Limited donations hamper Ike relief

Disaster response organizations try to raise public awareness of critical need following hurricane


A volunteer from CRWRC rips up the flooring in a home damaged by Hurricane Ike's storm surge in Bridge City, TX.
Credit: DNN/Joshua Drake

As Texas and Louisiana have dried out in the weeks since Hurricane Ike made landfall near Galveston, money needed to facilitate recovery efforts has also been drying up.

Relief organizations working in the area say that a lack of dollars is now the biggest challenge.

“There’s just not much money coming in,” said the Rev. Tom Hazelwood, Executive Secretary for U.S. Disaster Response for the United Methodist Committee on Relief (UMCOR). “There’s a little bit, but not much at all.”

He said his counterparts in other organizations have reported similar struggles as other major national stories, including the economy and the presidential elections, quickly diverted the attention of the media and the public. A week after the Sept. 13 landfall, Hurricane Ike’s effects were getting little coverage, he said.

As a result, calling attention to the need has become a priority.

“We’re working at strategic and intentional fundraising,” Hazelwood said. “It’s more than we’ve had to do in a long time.”

In the meantime, The United Methodist Church’s Texas Annual Conference ― where more than 200 United Methodist structures alone were damaged ― is doing what it can. Cynthia Harvey, director of missional excellence for the conference, said in an UMCOR release that 83 volunteer teams had registered online, and more than 60 United Methodist churches had served as American Red Cross shelters and provided other services.

Church of the Brethren Children’s Disaster Ministries volunteers have been working at five shelters in the Houston and Galveston areas, two of which remained this week. Due to continuing difficult conditions in Galveston, volunteers at that site have been traveling about 40 miles each way daily from Houston.

The program’s director, Judy Bezon, said 52 volunteers had made more than 1,200 child-care contacts through October 10.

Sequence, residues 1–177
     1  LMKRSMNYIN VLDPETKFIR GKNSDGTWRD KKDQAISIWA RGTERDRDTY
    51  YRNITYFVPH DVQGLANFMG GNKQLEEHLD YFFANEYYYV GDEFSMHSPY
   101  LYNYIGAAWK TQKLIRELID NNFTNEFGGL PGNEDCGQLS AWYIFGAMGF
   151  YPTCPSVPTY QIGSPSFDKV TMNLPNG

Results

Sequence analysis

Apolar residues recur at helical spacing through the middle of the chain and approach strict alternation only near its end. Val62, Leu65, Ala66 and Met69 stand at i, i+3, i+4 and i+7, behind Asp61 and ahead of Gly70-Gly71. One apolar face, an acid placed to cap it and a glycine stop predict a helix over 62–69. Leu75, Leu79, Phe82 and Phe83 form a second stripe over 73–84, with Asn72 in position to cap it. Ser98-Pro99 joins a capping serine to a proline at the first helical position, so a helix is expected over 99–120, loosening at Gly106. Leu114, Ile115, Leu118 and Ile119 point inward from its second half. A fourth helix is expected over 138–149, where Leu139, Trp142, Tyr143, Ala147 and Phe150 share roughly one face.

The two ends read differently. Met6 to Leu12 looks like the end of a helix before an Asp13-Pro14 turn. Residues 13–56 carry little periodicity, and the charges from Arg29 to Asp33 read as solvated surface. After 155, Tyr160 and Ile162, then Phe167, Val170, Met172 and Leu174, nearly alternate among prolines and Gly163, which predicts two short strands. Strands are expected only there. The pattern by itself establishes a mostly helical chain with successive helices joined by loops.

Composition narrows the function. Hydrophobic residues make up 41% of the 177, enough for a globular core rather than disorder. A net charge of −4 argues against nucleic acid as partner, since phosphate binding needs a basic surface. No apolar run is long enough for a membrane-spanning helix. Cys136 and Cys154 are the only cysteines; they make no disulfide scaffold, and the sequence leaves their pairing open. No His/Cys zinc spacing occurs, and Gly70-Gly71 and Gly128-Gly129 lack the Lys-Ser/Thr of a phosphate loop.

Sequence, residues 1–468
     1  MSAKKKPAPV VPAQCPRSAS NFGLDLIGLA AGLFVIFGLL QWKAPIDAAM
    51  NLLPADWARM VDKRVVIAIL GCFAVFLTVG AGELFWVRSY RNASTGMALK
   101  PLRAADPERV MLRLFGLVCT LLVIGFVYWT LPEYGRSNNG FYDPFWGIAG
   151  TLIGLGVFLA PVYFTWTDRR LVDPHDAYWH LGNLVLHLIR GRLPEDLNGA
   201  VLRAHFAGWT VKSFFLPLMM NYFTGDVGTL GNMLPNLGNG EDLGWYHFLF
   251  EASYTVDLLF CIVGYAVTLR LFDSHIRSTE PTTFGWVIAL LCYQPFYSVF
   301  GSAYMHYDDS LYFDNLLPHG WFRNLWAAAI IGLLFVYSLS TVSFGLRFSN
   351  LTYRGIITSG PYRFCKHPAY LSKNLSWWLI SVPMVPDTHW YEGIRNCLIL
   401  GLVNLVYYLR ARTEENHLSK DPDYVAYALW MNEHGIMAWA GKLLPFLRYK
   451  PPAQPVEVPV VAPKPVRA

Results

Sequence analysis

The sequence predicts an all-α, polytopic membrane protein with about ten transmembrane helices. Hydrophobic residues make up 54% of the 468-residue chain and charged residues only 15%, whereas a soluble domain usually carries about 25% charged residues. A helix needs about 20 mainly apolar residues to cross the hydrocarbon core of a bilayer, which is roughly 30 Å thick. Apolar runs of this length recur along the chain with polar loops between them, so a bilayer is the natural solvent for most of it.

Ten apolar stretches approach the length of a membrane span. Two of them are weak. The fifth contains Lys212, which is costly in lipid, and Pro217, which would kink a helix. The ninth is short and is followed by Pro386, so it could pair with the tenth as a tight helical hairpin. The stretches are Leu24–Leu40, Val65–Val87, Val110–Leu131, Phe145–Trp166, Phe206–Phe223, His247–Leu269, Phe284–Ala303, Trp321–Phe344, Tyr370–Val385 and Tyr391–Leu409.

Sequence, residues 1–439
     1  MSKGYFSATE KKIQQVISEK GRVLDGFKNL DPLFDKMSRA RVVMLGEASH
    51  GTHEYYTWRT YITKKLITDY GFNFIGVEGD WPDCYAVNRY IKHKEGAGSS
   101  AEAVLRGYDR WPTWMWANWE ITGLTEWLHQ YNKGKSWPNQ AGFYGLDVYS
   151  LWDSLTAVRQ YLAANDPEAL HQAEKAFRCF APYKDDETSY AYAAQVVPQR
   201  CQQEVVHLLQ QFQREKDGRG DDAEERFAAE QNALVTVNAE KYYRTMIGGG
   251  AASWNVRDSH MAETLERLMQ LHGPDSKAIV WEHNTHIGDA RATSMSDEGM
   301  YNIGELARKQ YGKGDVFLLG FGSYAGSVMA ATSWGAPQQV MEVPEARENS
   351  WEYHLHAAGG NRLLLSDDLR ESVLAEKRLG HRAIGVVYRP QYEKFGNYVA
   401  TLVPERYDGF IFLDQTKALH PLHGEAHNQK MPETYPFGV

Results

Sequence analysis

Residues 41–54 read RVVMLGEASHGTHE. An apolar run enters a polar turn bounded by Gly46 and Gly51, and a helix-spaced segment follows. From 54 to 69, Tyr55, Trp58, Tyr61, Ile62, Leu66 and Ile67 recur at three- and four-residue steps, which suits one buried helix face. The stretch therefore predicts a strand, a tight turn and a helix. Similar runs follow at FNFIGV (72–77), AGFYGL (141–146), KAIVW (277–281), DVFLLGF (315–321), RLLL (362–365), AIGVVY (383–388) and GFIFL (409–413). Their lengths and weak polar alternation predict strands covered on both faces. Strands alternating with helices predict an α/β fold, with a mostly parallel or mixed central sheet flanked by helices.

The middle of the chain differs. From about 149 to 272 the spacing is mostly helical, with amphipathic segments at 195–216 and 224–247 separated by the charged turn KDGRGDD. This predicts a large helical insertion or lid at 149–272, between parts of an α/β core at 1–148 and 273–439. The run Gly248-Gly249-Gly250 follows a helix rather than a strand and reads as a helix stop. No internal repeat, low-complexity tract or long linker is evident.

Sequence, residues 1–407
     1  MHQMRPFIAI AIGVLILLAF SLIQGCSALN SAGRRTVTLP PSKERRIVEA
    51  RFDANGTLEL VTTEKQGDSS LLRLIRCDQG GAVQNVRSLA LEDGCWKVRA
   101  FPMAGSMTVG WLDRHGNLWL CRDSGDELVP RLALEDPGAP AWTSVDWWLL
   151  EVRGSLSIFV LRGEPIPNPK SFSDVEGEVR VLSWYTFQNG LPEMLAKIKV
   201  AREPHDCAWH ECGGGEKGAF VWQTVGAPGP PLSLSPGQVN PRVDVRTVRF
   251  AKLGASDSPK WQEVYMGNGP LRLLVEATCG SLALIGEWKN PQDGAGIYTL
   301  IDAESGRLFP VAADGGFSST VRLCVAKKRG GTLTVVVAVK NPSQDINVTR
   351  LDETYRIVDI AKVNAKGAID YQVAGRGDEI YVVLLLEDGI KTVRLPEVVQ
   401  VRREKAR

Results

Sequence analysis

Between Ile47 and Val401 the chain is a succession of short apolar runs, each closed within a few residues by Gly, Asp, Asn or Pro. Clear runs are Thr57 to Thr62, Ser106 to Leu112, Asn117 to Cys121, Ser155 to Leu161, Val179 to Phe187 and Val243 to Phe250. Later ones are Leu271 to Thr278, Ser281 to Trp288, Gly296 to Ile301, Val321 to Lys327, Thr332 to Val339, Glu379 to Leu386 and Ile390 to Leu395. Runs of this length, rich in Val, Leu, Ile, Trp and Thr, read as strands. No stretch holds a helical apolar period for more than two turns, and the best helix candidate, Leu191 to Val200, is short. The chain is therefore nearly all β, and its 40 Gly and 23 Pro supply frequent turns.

“It’s our biggest response this year,” Bezon said. “For a single, brief response it certainly will be quite large.”

The Salvation Army, which has served more than 1.7 million meals in the region, said in a release this week that it was transitioning into more long-term recovery efforts. It planned as of Monday to begin distributing gift cards to residents of all areas affected by the hurricane.

The Salvation Army continues to operate 18 “mobile feeding units” around Galveston and to distribute food boxes and clean-up kits in the region, according to the release, along with providing emotional and spiritual care by trained personnel.

“As long-term recovery efforts are phased in, such emotional and spiritual care will become more of a necessity,” the release said.

In addition to cash, another major need that Lutheran Disaster Response, UMCOR, Presbyterian Disaster Assistance, and others have been highlighting is for more flood buckets and Church World Service “Gift of the Heart” relief kits.

Most important, Hazelwood said, will be for organizations to cooperate in the face of limited funds.

“I think it’s going to be absolutely necessary that the relief agencies work together in some coordinated effort,” Hazelwood said. “Nobody is getting any funding, whether they’re faith-based or not. We’ve got to work together so we can maximize our resources.”

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